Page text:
The Folklore Archive at UCD  is a primary source for us, as is the History of Irish Childhood Research Network, Future collaborations are being explored with: Brick.ie, The Irish Diecast Modelling Group, Model Railway Societies, Meccano Clubs, Púca Puppets, individual collectors, and Irish Toy manufacturers.

Key Benefits to Dún Laoghaire

The Carnegie building was vacated 2 years ago with a move to the bespoke designed Lexicon Library on the seafront. Our aim is to conserve and maintain an existing historical building and further enhance the rich cultural heritage of Dún Laoghaire/Rathdown by creating a museum in the borough. The proposal for a museum at the Carnegie building will complement and link with existing offerings thereby creating a cultural hub in Dún Laoghaire. It is ideal from a size, location and historic perspective, and in terms of social regeneration for this area. This is primarily a local project, supporting urban regeneration but secondly a project of national significance. The rationale for a Museum of Childhood in Dún Laoghaire is convincing, and we need to ensure that this project is based in the borough.

Some of the benefits associated with locating the Museum in Dún Laoghaire are as follows:

  • Increased footfall enhancing local businesses and retail outlets making use of plentiful local transport links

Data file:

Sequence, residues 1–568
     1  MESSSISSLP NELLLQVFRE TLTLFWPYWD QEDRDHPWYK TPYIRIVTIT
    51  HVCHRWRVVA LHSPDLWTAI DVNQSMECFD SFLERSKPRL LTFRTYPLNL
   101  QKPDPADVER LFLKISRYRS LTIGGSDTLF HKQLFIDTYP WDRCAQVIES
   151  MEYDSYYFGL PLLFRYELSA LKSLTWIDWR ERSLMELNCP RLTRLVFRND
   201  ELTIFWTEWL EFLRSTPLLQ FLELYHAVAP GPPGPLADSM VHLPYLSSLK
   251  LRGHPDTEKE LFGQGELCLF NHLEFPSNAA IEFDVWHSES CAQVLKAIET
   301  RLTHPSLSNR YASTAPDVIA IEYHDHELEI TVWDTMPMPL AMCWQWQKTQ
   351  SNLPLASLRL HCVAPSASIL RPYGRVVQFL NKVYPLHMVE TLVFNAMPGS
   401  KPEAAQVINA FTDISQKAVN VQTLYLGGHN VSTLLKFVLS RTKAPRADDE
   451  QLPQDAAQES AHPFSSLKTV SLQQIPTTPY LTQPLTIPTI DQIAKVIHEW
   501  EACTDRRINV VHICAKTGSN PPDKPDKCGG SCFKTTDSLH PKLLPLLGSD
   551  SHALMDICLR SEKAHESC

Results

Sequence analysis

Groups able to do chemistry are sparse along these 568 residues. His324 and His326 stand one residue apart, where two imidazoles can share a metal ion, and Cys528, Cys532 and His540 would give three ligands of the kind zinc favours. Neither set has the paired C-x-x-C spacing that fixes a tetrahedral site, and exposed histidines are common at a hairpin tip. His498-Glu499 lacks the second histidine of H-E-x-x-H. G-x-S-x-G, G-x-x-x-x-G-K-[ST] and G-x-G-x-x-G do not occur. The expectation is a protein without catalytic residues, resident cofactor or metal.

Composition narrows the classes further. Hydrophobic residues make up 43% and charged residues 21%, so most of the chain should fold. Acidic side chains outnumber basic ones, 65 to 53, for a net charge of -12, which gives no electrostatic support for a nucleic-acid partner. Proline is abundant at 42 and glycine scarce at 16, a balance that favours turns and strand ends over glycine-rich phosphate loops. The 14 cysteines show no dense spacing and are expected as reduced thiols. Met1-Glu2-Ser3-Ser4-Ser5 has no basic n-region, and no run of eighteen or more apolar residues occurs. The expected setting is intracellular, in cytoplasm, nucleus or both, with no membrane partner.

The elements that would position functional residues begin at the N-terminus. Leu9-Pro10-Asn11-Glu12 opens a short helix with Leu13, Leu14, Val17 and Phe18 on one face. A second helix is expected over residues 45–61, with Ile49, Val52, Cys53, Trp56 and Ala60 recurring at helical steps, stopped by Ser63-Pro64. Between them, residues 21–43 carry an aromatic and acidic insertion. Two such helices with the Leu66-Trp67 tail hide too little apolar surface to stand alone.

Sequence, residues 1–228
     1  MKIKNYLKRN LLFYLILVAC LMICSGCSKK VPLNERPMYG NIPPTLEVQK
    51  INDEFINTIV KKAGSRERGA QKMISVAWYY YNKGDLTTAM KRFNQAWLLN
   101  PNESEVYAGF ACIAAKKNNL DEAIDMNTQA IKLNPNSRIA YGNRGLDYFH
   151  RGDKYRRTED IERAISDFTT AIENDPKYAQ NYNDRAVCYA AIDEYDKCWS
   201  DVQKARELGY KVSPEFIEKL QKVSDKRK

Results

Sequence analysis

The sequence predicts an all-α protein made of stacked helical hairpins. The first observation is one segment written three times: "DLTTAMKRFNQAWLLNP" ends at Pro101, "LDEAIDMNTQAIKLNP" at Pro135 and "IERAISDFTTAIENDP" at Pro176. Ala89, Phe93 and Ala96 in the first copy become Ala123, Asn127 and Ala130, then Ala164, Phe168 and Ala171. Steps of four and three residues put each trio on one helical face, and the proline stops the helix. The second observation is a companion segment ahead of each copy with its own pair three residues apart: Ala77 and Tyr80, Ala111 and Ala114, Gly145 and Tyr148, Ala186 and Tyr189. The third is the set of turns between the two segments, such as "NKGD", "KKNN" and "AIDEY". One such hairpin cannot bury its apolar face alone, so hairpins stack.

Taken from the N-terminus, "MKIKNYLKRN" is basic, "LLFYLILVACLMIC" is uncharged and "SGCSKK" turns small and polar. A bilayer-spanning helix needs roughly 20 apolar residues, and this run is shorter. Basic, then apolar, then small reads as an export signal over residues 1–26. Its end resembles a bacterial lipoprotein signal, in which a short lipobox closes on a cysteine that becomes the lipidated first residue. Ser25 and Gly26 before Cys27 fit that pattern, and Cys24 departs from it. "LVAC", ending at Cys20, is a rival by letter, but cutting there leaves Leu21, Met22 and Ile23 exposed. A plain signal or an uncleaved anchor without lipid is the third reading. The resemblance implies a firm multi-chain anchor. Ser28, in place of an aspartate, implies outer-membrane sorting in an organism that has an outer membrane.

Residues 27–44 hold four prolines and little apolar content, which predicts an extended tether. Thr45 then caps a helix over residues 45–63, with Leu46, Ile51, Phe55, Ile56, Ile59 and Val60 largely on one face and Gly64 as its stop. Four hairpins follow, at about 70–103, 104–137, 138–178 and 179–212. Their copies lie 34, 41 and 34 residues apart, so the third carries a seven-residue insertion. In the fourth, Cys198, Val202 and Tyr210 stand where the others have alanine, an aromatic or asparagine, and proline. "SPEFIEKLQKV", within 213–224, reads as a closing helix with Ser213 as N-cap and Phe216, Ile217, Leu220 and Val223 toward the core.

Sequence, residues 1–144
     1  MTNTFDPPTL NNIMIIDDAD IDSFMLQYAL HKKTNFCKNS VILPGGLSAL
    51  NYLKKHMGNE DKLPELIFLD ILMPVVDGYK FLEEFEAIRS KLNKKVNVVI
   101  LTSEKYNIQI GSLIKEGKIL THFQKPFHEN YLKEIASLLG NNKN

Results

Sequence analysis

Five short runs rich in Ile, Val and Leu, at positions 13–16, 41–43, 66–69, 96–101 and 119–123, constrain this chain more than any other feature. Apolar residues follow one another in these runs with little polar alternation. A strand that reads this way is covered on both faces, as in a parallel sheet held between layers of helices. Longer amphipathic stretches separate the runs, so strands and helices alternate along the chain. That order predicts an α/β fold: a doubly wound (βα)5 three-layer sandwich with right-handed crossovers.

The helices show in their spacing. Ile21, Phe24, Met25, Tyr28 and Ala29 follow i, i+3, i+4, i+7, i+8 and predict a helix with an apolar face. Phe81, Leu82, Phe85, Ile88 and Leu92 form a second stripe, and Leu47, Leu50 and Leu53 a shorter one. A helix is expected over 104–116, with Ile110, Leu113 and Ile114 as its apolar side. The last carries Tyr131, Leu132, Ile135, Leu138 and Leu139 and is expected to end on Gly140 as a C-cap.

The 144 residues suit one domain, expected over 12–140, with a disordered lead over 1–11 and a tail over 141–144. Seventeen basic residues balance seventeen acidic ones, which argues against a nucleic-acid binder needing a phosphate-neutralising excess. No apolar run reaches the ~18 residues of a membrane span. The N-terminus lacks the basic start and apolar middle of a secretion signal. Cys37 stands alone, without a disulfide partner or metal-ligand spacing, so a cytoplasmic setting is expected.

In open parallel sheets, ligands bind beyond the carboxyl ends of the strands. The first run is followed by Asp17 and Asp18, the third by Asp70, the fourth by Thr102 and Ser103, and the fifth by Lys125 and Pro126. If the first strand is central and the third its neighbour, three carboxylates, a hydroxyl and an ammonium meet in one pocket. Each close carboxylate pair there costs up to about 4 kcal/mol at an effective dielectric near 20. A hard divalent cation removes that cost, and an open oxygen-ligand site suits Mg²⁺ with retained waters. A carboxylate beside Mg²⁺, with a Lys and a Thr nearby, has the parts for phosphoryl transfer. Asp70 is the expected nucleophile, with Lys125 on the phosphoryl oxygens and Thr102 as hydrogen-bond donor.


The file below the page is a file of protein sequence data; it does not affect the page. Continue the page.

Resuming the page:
• Potential to raise the profile of Dún Laoghaire and increase local, national and international visitor numbers
  • Spin-off effect leading to creation of new business outlets, e.g. children’s toy and clothing shops
  • Increased civic and community pride in the Museum and interest in improving and maintaining the local environment in Dún Laoghaire to support this flagship venture.
  • According to Digital Dún Laoghaire, 65% of those surveyed chose Dún Laoghaire as a location for lifestyle reasons, with 43% citing accessibility to public transport as a key factor in their decision.
  • An additional location for events.
  • The new cruise ship berth for Dún Laoghaire will increase the need for a variety of local cultural attractions catering to tourists.

Already it has been established by way of surveys, letters of support, and feedback from the citizens of Dún Laoghaire that there is genuine support and strong interest in the Museum. This community support for the concept of a museum of childhood in Dún Laoghaire has been a key driving force of this project. The Museum requires a state-of-the-art facility to house items of cultural heritage related to childhood. The Carnegie building is ideal setting which can provide exhibition and workshop space for a year-round programme of collection-based interactive learning. It is also ideal for various activities such as hands-on arts programmes, educational workshops, drama and stagecraft, multicultural performances and events, and book/toy lending library.

Key markets